UK Gas and Power Review
Weekly Energy Market Review Week 40: It was another bearish week as extant drivers continued to push contracts across the curve lower.
A bad week in financial markets contributed as disappointing data pointed to a further slowdown in global manufacturing.
Supply was robust despite a couple of cooler days that saw domestic demand at a five-month high.
Falls averaged around 3.5% on products out 12 months.
Oil supply risk weakened as Saudi Arabian oil output restored to full capacity, Middle Eastern geopolitical risk diminished on reports of a potential peace deal in Yemen, and economic concerns saw crude at its worst week this year at a six-week low.
The coal slump continues, along record ARA stocks, weak demand, and Chinese import slowdown.
Carbon hit €25 on global slowdown, soft oil, technicals, strong renewables, and Brexit concerns.
UK Supply and Demand Dynamics
LNG send out continue to rise, up 60% on the week and at levels last observed in May.
The flurry of cargoes en route ensures send out will have to continue to accommodate these arrivals.
Langeled flows continue to fluctuate as Equinor’s commercial reductions ensure flow uncertainty in the current low-price environment.
Wind speeds, although slightly lower week-on-week, were still providing nearly 20% of our power needs, peaking at 40% as storm Lorenzo brushed Ireland.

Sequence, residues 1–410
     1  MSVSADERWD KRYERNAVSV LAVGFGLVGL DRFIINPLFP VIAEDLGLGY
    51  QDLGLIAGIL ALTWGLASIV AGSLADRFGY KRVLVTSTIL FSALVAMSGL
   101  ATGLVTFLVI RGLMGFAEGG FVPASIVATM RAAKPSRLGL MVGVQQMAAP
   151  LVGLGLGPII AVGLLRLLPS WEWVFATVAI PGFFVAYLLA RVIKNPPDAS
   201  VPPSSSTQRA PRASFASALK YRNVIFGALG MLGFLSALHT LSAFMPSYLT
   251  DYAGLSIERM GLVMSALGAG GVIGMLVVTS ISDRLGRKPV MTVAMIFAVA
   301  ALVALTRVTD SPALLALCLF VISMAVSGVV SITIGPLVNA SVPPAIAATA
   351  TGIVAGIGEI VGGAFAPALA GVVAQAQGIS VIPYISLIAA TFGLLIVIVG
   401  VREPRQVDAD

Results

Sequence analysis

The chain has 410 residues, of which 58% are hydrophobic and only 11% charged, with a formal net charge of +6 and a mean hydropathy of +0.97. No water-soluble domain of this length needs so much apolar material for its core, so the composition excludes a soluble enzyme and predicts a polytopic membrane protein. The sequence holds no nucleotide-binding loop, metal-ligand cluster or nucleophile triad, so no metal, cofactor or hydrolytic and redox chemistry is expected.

Nuclear generation levels remain close to yearly highs after a maintenance-affected year.
We should see this continue.
The latest weather models revised higher, with still no major cold spells on the horizon.
Leading European Gas and Power Markets
Downside continuation in carbon and coal pressured power calendars contracts lower for the second week in a row, dragging French Cal-20 to a four-month low.
Nuclear regulators ASN provided EDF with two weeks to respond to demands regarding six of its reactors.
Strong wind generation and negative German manufacturing data weighed.
Rising LNG arrival rate into North West Europe continues to underpin price weakness as do brimming storages and strong imports into Europe from Russia and a ramp up in North African exports.
Wider global recession fears, increasing renewable growth, and falling oil prices weighed further.
The latest forecasts see temperatures remaining above seasonal norm.
Weekly Energy Market Review Week 40 – Outlook
Last week’s outlook saw more downside ahead with geopolitics and ASN an upside concern.
It is more of the same this week.
Further disappointment in financial markets can see commodities drifting lower.
Storages are full across Europe, and the weather is still not conducive for a prolonged spell of elevated domestic heating demand.
Technical analysis sees some contracts approaching overbought levels, which can slightly negate the bears, but fundamentally, this market is bearish.
Last week, Eurozone factory growth was at a 7-year low, and German PMI was at 2008 levels.
The WTO downgraded global growth forecasts for 2019 and 2020, while UK construction is on its second fastest decline in 10 years.
The USA ISM sent global markets to their worst day this year, and the FTSE 100 lost £96bn over the week.
Things are still looking bleak for Atlantic and Pacific global coal markets, as demand remains weak.
ARA stocks are at record highs (30% higher YoY).
It’s similar in the Pacific Basin with perhaps only India really looking to import as monsoon season comes to an end.